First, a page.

Manor House Verde de Oliveira
The historic Verde de Oliveira House, dating back to the XVIII century, has been in the Oliveira family since its establishment. Originally owned by Joaquim d’Oliveira, an architect and engineer from Lisbon, the house in Leiria was acquired due to a royal assignment from Queen Maria I to develop roads connecting Lisbon to Coimbra and Porto. Joaquim d’Oliveira, a member of the Royal Corps of Engineers, received various properties in the Leiria region as compensation for his work.
Constructed with a neoclassical facade from the XVIII century, the interior of the house features Rococó-style decorative arts, including wooden painted and stucco ceilings, seasonal rooms, a chapel of Saint Ana, tile panels, and stonework—a unique richness in the Leiria region. The house survived, the French Invasions of 1811, when the city of Leira suffered severe damage, the house was occupied by french troops but a local housekeeper avoided the house being destroyed.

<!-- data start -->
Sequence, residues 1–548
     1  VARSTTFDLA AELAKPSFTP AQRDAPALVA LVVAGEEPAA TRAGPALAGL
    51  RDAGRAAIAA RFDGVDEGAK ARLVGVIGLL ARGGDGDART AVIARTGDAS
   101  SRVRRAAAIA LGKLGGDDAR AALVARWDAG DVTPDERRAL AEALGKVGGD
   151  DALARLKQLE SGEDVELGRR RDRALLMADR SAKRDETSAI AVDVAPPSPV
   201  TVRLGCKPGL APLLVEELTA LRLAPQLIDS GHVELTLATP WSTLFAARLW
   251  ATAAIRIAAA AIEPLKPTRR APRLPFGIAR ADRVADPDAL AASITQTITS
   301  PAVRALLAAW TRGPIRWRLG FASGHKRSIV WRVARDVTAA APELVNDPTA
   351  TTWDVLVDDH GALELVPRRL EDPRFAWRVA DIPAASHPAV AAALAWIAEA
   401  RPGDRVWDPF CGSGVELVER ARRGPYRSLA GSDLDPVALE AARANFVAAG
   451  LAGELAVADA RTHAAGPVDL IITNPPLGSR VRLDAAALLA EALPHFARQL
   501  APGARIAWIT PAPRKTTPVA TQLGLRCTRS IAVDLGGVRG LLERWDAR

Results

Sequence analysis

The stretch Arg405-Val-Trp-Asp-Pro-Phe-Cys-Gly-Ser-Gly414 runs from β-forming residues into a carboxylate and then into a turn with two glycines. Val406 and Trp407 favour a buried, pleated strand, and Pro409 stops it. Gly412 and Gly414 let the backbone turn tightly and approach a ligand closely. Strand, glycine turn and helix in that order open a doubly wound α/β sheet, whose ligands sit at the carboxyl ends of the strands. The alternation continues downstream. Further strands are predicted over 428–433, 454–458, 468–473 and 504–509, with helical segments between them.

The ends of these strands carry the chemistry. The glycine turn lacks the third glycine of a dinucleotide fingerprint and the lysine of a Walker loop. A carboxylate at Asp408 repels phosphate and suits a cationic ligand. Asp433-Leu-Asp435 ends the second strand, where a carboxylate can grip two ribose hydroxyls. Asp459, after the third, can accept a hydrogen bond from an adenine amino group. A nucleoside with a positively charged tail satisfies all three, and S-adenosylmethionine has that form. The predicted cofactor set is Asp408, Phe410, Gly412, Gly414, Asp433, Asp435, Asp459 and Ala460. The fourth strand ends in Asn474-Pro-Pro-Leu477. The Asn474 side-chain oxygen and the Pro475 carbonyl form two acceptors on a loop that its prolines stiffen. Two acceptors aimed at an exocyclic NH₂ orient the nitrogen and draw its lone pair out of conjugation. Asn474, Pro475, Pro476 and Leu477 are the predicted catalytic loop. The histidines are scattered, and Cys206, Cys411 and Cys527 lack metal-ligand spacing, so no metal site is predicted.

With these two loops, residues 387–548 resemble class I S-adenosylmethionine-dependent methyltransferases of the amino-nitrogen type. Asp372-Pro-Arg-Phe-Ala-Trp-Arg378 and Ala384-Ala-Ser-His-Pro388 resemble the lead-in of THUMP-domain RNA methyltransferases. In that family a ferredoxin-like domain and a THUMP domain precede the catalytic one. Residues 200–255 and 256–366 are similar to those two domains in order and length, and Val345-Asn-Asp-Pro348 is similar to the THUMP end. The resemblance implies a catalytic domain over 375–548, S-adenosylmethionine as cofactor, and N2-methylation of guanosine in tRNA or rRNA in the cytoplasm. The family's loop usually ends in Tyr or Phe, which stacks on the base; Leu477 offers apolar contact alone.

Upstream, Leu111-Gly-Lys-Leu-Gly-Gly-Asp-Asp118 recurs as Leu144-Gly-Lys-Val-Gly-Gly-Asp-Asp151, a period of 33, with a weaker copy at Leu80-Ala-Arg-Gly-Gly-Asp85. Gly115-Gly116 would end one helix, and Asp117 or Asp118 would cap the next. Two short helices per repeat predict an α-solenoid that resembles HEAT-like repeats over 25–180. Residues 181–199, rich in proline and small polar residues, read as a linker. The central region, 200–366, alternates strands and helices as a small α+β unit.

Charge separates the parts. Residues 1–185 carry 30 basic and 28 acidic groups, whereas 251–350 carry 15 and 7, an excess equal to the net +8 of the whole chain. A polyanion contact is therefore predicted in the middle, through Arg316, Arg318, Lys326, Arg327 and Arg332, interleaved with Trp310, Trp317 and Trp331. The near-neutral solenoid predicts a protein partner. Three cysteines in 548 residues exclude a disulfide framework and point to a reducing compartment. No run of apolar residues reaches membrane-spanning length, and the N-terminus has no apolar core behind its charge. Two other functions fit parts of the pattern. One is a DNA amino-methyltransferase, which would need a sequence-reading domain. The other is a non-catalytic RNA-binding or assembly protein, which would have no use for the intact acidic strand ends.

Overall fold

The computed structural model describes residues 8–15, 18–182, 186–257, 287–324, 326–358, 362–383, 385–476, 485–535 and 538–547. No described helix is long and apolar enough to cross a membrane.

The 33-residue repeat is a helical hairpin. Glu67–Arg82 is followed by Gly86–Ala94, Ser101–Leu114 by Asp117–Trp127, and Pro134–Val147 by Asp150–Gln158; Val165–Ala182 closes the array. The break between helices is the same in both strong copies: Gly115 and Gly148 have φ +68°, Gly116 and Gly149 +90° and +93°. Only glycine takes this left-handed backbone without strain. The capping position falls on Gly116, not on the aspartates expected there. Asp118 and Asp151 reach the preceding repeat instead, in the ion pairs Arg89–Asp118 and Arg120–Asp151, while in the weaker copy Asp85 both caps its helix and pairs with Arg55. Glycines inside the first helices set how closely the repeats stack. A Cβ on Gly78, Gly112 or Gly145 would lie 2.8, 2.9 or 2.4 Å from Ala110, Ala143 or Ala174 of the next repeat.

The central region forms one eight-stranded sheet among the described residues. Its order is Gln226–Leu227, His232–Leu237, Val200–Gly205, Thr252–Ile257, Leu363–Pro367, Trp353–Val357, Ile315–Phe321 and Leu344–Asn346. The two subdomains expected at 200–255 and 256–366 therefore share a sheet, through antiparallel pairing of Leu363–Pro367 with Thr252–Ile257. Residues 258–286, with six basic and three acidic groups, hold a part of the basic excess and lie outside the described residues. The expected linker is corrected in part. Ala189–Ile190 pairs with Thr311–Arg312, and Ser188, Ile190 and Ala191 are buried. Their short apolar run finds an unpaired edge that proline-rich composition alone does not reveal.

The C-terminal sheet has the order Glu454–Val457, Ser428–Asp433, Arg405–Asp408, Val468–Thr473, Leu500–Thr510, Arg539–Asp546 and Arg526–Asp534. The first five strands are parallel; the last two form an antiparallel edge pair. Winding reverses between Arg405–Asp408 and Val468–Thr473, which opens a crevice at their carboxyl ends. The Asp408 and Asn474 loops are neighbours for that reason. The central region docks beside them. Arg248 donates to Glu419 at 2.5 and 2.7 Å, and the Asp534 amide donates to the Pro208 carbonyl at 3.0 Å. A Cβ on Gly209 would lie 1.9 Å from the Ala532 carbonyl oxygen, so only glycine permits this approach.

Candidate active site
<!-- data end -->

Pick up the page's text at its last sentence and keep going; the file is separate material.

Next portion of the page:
After years of private use, the house underwent renovations from 2005, prompting its owner to open it to the public for guided visits and events such as the European Heritage Days, Private Heritage Days, and Early Music Day. The ultimate goal is to restore the family house, emphasizing its cultural, artistic, and historical significance from the XVIII century. The owner envisions organizing events, guided tours, and establishing a small tourism accommodation to showcase Portuguese heritage in diverse ways.
The house’s participation in the Merita Project marks a significant milestone and is seen as a commendable initiative to contribute to the preservation and promotion of Portugal’s cultural legacy.